Finca El Chocho May 01 2017, 0 Comments
Most of us at Carvetii love drinking coffees from East Africa, with their bright, citrus, fruity notes. From Rwanda over the winter months to Ethiopia and Kenya in the summer, we will use as many coffees from this region as we can. However, there is also a place in our offering for very easy drinking coffees, such as Finca El Chocho from the Antioquia region of Colombia. When you drink this coffee you experience a balanced acidity, a soft brown sugar sweetness and lingering notes of milk chocolate. It’s difficult not to drink a second cup!
Antioquia is regarded as the birthplace of coffee in Colombia. The main harvests take place between September and December with a fly or mitaca crop between April and May.
Juan Crisostomo Marin and his wife, Margarita Lopez Diaz, purchased Finca El Chocho in 1983. When they first married (nearly a decade earlier), they had agreed that their wedding present to themselves would one day be to buy their own farm and that they would finally stop working on other peoples farms as labourers. Buying El Chocho, named after the ‘Chocho’ (Ormosia var.) tree that grows near the farm’s patio, was the realisation of that joint project, and the couple have never looked back since.
They have since joined up with the Cooperativa de Caficultores de Andes (Cooperandes), a regional cooperative whose microlot program has helped transform Antioquia’s coffee industry, and have managed to develop a very high quality coffee with the coop’s help. Truly, the farm is an equal partnership. Doña Margarita attends the regular trainings that Cooperandes holds and is widely recognised as a leader in her town. Don Crisostomo (as he is called locally) conducts most of the work on the farm, along with his son, who helps with every task. Together, the family has worked hard to make the farm the very best it can be, and they have even succeeded in gaining Fair Trade certification for the farm. The earnings have been enough that Don Criostomo’s daughter has been able to continue her studies.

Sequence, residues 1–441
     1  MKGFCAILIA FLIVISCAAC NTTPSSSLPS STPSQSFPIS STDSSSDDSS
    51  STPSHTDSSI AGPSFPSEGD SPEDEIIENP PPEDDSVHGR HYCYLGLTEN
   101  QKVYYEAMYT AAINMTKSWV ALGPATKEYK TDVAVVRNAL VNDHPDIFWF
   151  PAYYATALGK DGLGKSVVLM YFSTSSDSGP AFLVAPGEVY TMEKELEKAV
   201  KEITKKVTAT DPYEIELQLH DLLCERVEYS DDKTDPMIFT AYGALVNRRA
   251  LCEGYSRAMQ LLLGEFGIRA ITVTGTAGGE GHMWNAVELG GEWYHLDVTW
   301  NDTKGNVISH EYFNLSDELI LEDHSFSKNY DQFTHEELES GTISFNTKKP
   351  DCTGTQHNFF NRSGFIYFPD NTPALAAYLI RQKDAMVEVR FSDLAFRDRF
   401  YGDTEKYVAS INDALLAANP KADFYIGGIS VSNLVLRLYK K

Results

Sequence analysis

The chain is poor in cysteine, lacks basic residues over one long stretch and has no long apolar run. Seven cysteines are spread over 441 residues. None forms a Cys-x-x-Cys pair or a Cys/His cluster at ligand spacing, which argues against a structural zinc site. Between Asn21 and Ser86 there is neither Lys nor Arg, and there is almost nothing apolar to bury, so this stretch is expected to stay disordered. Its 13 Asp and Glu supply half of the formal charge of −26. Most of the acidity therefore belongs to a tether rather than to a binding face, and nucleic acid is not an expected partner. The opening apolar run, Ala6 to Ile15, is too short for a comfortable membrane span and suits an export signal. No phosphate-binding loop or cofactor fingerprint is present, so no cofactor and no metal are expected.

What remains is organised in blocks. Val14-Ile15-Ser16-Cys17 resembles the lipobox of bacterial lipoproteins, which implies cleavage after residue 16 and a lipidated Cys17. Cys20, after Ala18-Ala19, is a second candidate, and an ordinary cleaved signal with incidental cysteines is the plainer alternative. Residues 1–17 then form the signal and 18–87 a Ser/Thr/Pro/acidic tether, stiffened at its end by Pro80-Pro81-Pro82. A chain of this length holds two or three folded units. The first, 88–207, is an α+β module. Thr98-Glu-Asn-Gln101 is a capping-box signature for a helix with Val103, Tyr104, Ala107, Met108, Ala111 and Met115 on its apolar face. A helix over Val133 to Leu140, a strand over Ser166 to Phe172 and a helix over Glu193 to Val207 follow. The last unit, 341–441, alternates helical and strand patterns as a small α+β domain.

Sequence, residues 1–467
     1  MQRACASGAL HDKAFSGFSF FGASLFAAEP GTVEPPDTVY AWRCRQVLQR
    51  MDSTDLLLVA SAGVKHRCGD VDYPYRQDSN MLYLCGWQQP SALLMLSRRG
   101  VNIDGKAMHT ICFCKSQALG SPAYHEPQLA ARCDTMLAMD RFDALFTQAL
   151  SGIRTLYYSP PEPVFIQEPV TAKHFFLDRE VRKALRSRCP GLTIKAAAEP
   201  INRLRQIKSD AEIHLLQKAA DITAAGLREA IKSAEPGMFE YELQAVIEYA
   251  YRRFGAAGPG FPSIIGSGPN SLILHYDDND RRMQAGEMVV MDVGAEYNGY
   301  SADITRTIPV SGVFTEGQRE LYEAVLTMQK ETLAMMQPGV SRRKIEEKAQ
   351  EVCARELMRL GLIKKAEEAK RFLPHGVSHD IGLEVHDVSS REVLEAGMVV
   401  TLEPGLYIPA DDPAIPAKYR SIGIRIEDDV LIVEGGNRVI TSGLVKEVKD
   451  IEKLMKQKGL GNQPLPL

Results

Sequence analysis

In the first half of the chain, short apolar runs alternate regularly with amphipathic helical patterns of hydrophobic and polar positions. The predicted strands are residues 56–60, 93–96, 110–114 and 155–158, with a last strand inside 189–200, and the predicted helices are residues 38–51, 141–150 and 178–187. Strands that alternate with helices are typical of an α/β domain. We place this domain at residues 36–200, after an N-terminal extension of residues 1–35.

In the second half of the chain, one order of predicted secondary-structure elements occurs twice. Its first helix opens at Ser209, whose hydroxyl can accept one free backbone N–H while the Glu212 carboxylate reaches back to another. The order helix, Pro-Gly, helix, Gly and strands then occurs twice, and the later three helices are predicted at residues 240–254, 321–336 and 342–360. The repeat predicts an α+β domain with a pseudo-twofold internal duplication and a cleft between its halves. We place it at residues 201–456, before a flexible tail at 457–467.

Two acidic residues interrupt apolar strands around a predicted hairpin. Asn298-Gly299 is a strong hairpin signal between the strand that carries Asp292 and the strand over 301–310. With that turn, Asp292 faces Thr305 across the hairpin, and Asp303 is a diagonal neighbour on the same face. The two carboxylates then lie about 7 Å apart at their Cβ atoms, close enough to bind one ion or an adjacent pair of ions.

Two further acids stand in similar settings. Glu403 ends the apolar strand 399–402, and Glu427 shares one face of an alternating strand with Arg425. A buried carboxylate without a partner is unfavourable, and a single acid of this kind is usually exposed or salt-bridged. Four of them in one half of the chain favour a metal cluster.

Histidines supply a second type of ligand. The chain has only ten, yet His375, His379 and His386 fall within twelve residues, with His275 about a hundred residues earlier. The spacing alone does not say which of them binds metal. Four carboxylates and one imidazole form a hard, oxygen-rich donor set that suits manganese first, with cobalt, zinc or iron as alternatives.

Caturra is a natural mutation of the bourbon varietal. It is a dwarf varietal and allows more trees to be grown per hectare, and has a higher productivity level.
Colombia is a catarrh and timor hybrid, which is highly productive and resistant to leaf rust. It was first released in 1982.
Harvesting and Processing
All coffee at El Chocho is hand harvested, sorted to remove any underripe or damaged cherries and then pulped on the same day it is picked. Coffee is fermented in tanks for around 36 hours and afterwards is washed in cool, clean
water. It is finally delivered to dry on parabolic beds under the sun. These parabolic beds, known locally as marquesinas – which are constructed a bit like ‘hoop house’ greenhouses, with airflow ensured through openings in both ends – both protect the parchment from rain and mist as it is dried and prevent condensation from dripping back on the drying beans.
After reaching 11 per cent humidity, the coffee is bagged and then stored to rest for 2 weeks, after which it is taken to the Andes collecting centre for dry milling.
You can buy this coffee from our website